Dan tested the video idea briefly by himself which you can find over on his youtube channel Danger Dan, and you can see how the video production technique really makes it submersive for the viewer as well, which refelcts the autoethnography process. After filming and editing the video, we’re both going to be uploading the videos to our youtube channels for hosting and then submitting them.

We plan on filming this on a thursday night when we’re all available, and treating it like a movie night with some drinks rather than an academic video production. So stay tuned for the next blog post to see how it panned out!

ACTION BRONSON WATCHES ANCIENT ALIENS. (2016). [film] Viceland: Action Bronson.

Cultural Interference

After watching State of Play, and recounting my initial findings and thoughts as field notes, I had some time to do some further thinking and research to understand my findings. I first noticed some large cultural differences between our eSporting community, and their eSporting community.

I researched into how these eSport players would carry around their own keyboards. I watched as many interviews and documentaries about famous athletes and sports players, and noticed how many of them would bring and wear their ‘lucky boots’, or would do some sort of routine out of superstition that would give them luck. So the idea that eSport players would carry around their keyboards to every event is pretty normal!

I then looked into the cultural understanding of eSports and how to get into them professionally. I found that a lot of the South Korean communities see eSports as either a huge business and opportunity, or completely opposite and seeing it as a huge problem and not a realistic job opportunity. This understanding of eSports and making a career out of it reflects our views of the industry here in Australia and America. Everyone is split about their views of it because simply don’t understand how people could make money or make a career out of playing games.

My final reaction to ‘State of Play’ was how many fan girls they had! I had gone into the film with my own ideas about fans, and especially the gender of the fans. From my own experience, the fan base of many gamers are dominated by males, and I had assumed that this would translate across borders. Well I found that this wasn’t the case, and that in South Korea, a lot of the fans are actually female, and I don’t understand it completely because of my own cultural experiences with eSports in Australia and America.

I found that my initial reactions and thoughts about the movie, while attempting to be impartial and not making assumptions, I let my own cultural understandings influence what I thought was interesting or weird, or even backwards. This kind of thinking I found can be both supportive and destructive to Autoethnographic, because without our own cultural understanding of issues and topics, nothing would stand out for us to analyse and realise that there is in fact a cultural difference, but without this self-awareness of our own culture interfering with our interpretations, what we analyse will forever be foreign or wrong.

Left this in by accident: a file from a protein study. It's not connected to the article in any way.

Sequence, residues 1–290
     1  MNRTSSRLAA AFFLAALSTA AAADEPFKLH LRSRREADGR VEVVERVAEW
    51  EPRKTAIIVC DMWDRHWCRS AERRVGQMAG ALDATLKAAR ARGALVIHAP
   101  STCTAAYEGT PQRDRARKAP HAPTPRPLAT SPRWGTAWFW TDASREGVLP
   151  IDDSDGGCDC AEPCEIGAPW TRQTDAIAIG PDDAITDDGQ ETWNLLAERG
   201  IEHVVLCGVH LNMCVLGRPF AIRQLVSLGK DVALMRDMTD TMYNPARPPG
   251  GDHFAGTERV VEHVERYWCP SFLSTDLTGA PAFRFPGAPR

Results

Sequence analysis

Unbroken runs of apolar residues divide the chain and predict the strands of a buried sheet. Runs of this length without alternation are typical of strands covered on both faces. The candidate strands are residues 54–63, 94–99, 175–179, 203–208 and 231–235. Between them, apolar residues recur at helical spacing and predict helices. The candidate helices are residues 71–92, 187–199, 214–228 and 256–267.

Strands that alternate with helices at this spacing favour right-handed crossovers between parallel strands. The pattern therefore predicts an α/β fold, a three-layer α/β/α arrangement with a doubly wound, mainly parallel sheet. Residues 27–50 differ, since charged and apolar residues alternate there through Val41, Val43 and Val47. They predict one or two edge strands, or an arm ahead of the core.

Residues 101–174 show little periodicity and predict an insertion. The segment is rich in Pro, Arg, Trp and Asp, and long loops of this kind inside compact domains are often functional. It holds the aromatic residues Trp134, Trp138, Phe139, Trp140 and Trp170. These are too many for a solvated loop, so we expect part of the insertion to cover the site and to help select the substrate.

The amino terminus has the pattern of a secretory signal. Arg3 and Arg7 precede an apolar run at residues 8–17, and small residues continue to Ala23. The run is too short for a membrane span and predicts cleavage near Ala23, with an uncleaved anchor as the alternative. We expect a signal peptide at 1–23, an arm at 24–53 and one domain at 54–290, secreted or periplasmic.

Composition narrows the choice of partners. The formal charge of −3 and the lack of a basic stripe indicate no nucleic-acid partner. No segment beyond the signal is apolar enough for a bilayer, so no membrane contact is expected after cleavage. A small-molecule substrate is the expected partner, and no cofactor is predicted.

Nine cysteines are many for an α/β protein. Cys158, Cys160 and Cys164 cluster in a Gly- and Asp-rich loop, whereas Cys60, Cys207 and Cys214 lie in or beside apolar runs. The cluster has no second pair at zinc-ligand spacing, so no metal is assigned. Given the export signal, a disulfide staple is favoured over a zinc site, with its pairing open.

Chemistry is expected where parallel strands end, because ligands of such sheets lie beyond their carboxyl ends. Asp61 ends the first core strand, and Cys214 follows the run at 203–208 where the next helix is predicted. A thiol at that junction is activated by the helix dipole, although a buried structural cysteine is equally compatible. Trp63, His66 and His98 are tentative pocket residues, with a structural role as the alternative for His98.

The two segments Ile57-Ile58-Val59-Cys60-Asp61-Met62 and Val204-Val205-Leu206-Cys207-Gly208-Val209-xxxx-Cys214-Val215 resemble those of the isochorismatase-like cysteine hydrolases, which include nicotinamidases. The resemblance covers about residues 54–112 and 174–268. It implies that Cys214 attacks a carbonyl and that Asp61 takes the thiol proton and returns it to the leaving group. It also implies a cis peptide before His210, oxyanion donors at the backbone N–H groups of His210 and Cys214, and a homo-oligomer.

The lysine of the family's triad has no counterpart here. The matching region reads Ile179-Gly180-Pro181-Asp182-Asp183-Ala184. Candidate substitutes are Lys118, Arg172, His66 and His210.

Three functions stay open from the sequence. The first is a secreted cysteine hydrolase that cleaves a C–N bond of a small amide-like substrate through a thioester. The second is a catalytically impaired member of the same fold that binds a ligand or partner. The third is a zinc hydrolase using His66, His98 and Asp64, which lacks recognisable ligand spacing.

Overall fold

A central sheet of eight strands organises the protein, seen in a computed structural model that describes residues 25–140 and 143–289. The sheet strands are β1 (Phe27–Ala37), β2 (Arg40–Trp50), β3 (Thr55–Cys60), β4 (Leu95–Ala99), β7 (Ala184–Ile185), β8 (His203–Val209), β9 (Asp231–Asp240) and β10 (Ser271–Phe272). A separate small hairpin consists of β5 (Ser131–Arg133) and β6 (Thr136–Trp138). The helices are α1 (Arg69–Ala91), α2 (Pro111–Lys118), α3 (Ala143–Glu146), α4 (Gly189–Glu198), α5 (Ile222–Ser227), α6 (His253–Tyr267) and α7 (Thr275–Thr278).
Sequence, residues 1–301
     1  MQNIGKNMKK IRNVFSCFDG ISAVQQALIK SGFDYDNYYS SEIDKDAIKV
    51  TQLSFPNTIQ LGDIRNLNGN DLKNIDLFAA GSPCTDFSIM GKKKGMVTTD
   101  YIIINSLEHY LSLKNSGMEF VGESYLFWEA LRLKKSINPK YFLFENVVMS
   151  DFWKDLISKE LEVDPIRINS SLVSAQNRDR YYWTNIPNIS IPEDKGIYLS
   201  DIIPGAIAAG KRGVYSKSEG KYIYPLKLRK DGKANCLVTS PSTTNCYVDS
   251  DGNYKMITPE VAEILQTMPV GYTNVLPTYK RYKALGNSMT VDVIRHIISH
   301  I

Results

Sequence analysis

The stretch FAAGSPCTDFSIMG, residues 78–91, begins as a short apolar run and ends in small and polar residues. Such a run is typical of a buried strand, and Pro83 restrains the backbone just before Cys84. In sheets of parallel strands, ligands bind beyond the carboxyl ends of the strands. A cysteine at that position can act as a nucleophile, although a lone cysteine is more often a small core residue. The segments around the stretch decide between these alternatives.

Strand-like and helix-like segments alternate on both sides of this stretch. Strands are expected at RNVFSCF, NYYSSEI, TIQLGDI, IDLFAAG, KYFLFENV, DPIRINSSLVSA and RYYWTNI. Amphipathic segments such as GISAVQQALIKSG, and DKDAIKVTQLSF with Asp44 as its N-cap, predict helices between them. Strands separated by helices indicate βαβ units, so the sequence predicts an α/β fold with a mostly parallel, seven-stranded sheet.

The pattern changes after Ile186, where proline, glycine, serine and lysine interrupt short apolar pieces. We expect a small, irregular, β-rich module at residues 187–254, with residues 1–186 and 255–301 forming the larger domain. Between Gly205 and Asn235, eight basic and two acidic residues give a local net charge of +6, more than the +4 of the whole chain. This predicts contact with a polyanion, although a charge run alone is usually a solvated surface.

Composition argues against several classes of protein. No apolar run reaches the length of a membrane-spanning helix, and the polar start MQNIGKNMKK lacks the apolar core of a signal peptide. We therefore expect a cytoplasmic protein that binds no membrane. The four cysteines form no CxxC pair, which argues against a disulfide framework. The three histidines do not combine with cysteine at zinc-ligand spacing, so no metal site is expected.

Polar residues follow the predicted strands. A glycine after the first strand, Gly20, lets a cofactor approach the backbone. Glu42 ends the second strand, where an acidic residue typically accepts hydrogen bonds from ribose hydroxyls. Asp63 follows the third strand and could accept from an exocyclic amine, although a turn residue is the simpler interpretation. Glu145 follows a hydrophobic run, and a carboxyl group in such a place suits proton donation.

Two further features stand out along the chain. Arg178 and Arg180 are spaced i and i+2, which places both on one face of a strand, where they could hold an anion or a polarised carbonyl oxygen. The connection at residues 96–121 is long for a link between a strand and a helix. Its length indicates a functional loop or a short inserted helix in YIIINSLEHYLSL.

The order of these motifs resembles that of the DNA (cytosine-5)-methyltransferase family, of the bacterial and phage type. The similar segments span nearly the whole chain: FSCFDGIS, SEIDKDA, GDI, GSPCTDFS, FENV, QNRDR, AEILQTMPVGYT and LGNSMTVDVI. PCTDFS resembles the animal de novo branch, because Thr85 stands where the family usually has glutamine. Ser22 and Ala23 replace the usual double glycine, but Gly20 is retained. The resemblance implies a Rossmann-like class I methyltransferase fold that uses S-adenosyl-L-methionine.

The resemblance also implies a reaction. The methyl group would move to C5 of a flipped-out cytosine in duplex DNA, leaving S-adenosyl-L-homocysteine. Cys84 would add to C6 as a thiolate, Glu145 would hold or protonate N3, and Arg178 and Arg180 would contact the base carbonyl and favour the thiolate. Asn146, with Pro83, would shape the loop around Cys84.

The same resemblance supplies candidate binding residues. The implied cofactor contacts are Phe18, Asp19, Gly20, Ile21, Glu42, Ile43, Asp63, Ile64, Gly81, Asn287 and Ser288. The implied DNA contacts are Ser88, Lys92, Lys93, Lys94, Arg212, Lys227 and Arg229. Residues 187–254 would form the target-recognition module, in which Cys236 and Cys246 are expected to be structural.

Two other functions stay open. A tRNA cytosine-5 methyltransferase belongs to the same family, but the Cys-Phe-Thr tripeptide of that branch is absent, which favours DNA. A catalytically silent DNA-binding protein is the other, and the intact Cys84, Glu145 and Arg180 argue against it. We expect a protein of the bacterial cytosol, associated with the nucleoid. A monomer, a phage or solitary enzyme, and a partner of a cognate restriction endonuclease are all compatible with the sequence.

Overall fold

Serzberger, 2016, ‘South Korea has been doing this for a while’, ESPN, January 23 2016, viewed August 20th, <;

State of Play and eSports

During our recent DIGC330 class, we watched a film called ‘State of Play’, which is a documentary around the craziness and lifestyle of eSports in South Korea. It was great to not only see the culture of the industry, but to actively use Ethnography to observe and witness the differences and features of the eSport industry. After watching the filming and reflecting on what I saw, I came to conclusions based on my personal experience with the eSports industry – otherwise known as using auto ethnography.

So what does all this gibberish mean? Basically what i’m trying to describe, is the two approaches of analysing and conducting research in the field. While Ethnography is the act of making observations and conducting interviews through research, Autoethnography is the act of coming to your own conclusions through your own research, by submersing yourself in the research itself, whether by watching a film similar to what we dis in class with State Of Play, or by researching a tribe by living with them for an extended amount of time.

In his published work ‘Autoethnography: An Overview’ (2011), Ellis describes auto ethnography “As a method, autoethnography combines characteristics of autobiography and ethnography. When writing an autobiography, an author retroactively and selectively writes about past experiences.”

So what about State Of Play? Well i’ll be using the film as a case study to highlight my own experiences with these two approaches!

State Of Play

Ethnographically speaking…

I made quite a few observations throughout the film about the culture of South Korean gamers in the eSports industry.

  1. One of the first things I noticed was how each South Korean gamer carried around their own keyboards. I found this at first really weird at the beginning, because it’s a keyboard, and they were replacing the letter positions around in the bus rides.
  2. To become a professional eSports player in the starcraft league, you have to go through the trialing stages and be selected into a team. There were so many people at the trialing events trying to reach their dreams of becoming a professional gamer.
  3. Fan girls. Fan girls everywhere. It was crazy to see just how many fans these gamers have, and how committed they are to the players. They really care about their performance, and their wellbeing,

Autoethnographically speaking…

After some time thinking over my initial observations I came to conclusions through my personal experiences.

  1. I realized that this is parallel to an athlete carrying around his boots, or a football to a game. I know from personal experience of following sports that a lot of athletes do these things out of superstition and routine, and considering how big eSports are in South Korea, it’s not so crazy for this to be a normal thing.
  2. Watching the trialing and everyone being selected into teams felt like I was watching the NBA drafts, which made me feel the legitimacy of the sport and how serious it’s taken in South Korea.
  3. Again, taking into consideration just how big this sport is in South Korea, it’s not totally crazy to think that these players would have fan girls at this level, just how athletes would in our sports.
Perhaps it’s not so crazy that gamers have a large fan base considering the amount of fans Athletes and Youtubers have